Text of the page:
Seminar at hospital focuses on right to dieRetired professionals, monks and experts gathered yesterday to express their opposition to life-sustaining medical treatment.
About 300 people participated yesterday in a seminar called “From suffering death to meeting death,” held at Severance Hospital in Seoul.
After the seminar, the participants signed advance health care directives, saying they would reject medical treatment to prolong their lives if they have a terminal illness.
The Ministry of Health and Welfare discussed legalizing the suspension of life-sustaining medical treatment in July, but has not yet reached a consensus on the issue.
“I think life-sustaining medical treatment is a burden to everybody - doctor, patient and children,” said Lee Seong-rak, 71, the honorary president of Gachon University of Medicine and Science. “To reduce the burden, society should take action to extend advance medical directives to others.”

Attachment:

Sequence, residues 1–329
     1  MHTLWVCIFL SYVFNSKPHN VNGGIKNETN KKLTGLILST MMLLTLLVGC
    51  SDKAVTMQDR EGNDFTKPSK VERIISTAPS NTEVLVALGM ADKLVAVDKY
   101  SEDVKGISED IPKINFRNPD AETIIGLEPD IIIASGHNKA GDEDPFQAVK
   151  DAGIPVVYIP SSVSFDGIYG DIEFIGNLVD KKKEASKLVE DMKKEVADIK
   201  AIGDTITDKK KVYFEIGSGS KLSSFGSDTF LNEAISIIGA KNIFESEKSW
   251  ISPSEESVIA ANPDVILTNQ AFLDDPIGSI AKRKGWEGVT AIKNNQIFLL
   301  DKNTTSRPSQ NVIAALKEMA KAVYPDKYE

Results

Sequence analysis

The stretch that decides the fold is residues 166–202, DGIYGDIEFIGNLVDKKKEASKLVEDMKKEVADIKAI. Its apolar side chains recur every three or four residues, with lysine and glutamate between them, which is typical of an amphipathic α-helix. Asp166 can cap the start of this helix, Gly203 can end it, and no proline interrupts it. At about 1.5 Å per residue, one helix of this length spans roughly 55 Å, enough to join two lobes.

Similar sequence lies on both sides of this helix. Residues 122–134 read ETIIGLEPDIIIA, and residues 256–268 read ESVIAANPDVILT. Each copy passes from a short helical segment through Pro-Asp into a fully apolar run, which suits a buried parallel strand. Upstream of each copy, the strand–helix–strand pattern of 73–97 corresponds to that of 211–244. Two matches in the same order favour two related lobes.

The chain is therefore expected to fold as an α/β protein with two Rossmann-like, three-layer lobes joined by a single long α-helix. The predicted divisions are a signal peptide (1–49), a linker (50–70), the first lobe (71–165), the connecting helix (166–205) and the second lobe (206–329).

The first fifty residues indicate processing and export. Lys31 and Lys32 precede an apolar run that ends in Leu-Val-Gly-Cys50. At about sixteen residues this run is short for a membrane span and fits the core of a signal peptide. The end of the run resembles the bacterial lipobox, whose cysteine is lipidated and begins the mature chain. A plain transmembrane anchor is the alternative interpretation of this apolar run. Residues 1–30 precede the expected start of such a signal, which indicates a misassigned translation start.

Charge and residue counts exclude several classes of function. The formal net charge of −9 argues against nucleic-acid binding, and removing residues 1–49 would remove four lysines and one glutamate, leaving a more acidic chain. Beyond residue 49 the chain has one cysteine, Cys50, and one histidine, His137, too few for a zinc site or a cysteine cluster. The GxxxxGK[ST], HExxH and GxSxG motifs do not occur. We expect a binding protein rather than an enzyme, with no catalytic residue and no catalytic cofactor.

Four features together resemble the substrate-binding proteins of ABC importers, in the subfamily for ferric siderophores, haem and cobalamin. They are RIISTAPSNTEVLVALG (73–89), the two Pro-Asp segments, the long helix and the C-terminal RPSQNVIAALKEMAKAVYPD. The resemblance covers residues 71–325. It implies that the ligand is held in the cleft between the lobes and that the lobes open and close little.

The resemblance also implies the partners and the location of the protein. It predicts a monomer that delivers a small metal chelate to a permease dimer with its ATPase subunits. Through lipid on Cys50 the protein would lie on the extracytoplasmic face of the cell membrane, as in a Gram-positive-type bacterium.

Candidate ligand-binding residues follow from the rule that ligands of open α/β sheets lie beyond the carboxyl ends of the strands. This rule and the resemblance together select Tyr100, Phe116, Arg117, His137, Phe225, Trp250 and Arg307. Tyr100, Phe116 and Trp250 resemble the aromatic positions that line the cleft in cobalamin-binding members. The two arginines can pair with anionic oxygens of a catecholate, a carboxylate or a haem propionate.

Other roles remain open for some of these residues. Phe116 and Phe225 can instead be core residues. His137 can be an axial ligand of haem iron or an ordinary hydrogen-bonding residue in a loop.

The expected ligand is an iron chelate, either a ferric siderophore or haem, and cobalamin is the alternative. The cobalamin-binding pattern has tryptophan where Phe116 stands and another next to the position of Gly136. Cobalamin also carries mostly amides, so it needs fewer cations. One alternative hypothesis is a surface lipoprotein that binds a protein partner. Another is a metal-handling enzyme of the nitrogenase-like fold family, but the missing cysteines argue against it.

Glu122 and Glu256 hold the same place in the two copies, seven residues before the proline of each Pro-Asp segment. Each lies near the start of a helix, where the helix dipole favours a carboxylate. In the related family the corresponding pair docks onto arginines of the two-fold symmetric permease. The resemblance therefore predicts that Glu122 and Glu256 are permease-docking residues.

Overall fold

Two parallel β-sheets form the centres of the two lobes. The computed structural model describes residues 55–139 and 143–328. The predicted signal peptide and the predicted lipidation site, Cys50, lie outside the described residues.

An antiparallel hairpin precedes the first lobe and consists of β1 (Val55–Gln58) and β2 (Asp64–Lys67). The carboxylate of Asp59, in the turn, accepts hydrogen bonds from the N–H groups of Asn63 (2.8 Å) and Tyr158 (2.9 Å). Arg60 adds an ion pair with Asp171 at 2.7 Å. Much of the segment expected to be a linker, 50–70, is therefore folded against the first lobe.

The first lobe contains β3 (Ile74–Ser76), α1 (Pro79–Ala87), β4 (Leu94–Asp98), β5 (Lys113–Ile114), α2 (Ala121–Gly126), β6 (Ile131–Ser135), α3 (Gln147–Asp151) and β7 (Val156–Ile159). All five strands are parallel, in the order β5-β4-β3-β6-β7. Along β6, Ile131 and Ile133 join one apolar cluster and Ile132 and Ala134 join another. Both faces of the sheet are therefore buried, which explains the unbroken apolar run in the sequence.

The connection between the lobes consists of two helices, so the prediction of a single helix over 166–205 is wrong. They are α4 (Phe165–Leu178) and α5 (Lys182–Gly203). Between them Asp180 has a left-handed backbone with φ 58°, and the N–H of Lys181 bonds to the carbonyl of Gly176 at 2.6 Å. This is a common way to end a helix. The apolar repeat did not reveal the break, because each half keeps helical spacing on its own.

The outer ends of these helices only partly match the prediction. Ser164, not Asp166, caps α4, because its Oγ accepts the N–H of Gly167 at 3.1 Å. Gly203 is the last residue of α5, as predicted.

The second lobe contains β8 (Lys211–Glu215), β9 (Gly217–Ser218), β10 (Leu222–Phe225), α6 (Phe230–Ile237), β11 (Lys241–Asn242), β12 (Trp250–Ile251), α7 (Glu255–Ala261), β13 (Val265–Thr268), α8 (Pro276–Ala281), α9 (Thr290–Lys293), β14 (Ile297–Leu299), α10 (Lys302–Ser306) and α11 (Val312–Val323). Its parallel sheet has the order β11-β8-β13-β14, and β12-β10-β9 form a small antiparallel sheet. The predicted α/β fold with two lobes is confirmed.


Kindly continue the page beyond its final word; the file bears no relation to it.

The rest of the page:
Park Sang-gyun, 73, a resident of Ilsan, Gyeonggi, said he signed it because he doesn’t want to burden his children.
Choe Chul-ju, 66, a columnist, said that he will persuade his children not to sustain his life when he is facing death. “I signed the directive to let people know that there are many people dying painfully and that [painful deaths] should no longer continue,” Choe said.
Most participants are members of associations for retired experts and professionals, such as Korea Golden Age Forum or Well-Dying - which expresses the opposite of well-being.
The directive states they will not accept any medical intervention in the following cases: loss of consciousness with no possibility of regaining it and terminal illness.
They keep the original document and a copy is sent to the hospital in the event of an emergency.
Son Myong-se, dean of the Graduate School for Public Health, said, “If a patient has the document, there will be no civil suit. One family filed a civil suit against Severance Hospital, which continued to treat their grandmother to prolong her life.”
The family argued that the hospital, which was against assisted suicide, put their grandmother in pain. The grandmother died in January this year.
By Shin Sung-sik [firstname.lastname@example.org]